From a young age, I’d suffered with disordered eating, was prone to excessive exercise and I struggled with body dysmorphia, in that I genuinely thought I was huge when I was a size eight. 

Now, three births later, I’m a size 14 and I feel more confident in my body than ever. 

When I first got pregnant, aged 29, I was initially worried about getting bigger – particularly due to the issues I had around my body image. 

During my pregnancy, I carried on exercising, regularly running and practicing yoga. However, my maternal instincts took over when it came to eating and, as I was aware that I had to nourish a baby as well as myself, I stopped restricting my food and learned how to eat properly for the first time. 

I loved being pregnant and the body that came with it – something I never could have anticipated. I felt so comfortable with my baby belly, and I adored the fact that it was serving a purpose, so it wasn’t something I had to worry about. It was supposed to be there.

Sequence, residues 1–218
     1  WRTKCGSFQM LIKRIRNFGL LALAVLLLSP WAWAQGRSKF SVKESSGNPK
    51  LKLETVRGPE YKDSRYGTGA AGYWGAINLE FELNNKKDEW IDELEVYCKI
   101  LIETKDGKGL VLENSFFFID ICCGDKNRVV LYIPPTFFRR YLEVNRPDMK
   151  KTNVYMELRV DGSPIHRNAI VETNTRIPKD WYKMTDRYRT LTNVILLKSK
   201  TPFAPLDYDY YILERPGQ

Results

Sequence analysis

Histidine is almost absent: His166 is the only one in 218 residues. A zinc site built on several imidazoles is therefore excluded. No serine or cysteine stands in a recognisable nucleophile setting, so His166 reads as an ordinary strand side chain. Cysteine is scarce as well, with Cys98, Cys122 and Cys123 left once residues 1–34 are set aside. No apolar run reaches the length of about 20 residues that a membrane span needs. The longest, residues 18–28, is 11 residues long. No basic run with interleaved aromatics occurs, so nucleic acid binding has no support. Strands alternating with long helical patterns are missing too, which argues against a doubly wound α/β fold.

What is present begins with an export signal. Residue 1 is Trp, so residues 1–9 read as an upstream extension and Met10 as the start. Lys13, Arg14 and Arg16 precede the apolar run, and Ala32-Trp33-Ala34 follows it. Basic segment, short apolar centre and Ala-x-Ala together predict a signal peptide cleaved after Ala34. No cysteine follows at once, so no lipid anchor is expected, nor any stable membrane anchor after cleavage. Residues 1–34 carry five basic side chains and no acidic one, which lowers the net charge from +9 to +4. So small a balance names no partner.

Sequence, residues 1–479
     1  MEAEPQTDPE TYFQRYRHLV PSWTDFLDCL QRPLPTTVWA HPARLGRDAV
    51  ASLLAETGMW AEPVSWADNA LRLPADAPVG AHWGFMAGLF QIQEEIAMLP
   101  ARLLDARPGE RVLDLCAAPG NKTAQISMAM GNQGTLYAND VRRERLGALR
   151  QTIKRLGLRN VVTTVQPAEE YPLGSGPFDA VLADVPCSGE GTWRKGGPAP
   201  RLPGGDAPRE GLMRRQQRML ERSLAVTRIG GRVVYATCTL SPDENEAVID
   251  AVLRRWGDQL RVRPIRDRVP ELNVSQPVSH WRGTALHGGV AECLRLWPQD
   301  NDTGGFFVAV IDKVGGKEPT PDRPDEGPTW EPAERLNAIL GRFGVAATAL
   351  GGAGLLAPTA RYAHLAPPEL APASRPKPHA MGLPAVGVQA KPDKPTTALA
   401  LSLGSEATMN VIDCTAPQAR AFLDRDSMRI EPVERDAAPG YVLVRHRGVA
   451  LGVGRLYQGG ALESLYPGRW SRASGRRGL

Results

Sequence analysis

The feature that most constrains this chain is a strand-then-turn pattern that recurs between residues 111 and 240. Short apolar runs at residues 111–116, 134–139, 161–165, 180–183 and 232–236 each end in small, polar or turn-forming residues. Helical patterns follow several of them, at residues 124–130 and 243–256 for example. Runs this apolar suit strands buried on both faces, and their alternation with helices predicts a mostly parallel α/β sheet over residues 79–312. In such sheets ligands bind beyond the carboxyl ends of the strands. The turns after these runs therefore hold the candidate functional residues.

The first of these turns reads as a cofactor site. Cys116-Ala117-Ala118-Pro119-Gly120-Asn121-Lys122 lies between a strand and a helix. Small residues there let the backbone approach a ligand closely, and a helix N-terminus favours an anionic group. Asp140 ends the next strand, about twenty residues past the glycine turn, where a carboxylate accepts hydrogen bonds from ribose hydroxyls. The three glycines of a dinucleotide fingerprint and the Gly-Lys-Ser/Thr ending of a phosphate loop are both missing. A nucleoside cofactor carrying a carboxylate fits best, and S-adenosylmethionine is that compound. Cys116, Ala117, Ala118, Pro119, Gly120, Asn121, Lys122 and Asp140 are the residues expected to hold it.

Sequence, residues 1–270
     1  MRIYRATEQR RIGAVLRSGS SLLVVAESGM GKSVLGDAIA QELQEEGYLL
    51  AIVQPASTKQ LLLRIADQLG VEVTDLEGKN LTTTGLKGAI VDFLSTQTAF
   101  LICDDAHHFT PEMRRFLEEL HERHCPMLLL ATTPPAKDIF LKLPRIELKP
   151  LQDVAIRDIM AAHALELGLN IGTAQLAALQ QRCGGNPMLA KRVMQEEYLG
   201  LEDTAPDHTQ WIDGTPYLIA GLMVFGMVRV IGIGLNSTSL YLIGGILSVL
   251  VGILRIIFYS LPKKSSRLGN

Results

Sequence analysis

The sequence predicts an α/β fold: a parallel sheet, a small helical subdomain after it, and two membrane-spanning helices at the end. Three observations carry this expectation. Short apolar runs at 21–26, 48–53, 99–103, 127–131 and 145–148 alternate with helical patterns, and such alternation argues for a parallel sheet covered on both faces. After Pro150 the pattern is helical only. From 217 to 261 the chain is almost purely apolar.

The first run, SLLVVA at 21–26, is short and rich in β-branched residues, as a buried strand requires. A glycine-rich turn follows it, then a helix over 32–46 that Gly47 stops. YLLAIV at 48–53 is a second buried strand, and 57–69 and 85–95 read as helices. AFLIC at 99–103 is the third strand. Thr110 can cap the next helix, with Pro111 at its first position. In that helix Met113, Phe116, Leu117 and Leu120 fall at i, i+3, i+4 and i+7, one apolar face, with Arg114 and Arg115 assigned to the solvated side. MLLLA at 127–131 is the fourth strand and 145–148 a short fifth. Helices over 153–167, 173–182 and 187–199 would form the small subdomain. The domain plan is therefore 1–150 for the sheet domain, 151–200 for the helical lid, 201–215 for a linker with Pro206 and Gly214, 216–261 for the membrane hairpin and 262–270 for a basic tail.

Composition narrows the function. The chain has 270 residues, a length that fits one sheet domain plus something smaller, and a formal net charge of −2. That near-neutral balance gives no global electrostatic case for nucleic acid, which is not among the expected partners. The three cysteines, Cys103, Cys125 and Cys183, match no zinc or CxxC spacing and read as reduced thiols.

I think this acceptance of my pregnant body broke the cycle that I had with my disordered eating and unhealthy body ideals. 

When I had my second baby, this time aged 32, I had less time to think about myself because I was busy looking after the baby I already had.

My weight wasn’t in the forefront of my mind, either. I had breastfed my first child for a year and was busy growing another one inside of me – I was mainly just astounded by what my body could do. 

So, rather than being concerned about what size of clothes I was wearing, my overriding feeling was: ‘wow, my body is amazing.’